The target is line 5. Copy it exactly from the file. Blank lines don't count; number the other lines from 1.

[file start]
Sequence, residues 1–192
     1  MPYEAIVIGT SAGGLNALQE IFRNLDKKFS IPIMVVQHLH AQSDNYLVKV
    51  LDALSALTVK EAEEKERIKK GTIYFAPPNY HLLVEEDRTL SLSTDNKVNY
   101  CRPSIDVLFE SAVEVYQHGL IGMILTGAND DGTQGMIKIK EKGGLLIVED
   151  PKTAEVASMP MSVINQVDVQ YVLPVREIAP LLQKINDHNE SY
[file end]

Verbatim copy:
   151  PKTAEVASMP MSVINQVDVQ YVLPVREIAP LLQKINDHNE SY